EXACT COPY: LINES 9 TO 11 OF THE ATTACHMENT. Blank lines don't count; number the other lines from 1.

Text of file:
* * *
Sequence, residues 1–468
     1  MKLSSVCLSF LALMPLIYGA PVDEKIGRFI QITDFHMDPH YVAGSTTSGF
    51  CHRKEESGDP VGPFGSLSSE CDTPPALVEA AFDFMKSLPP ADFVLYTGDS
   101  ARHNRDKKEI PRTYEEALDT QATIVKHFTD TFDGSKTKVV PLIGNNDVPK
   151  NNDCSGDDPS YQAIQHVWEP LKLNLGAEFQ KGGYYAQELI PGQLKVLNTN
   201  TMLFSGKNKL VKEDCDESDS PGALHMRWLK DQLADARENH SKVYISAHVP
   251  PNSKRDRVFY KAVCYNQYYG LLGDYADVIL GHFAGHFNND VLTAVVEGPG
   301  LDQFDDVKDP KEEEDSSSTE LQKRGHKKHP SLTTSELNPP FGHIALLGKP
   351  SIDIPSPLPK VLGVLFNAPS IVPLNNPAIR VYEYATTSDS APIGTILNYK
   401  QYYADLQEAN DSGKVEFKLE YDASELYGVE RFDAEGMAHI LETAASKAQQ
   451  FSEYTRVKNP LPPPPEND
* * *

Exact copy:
   351  SIDIPSPLPK VLGVLFNAPS IVPLNNPAIR VYEYATTSDS APIGTILNYK
   401  QYYADLQEAN DSGKVEFKLE YDASELYGVE RFDAEGMAHI LETAASKAQQ
   451  FSEYTRVKNP LPPPPEND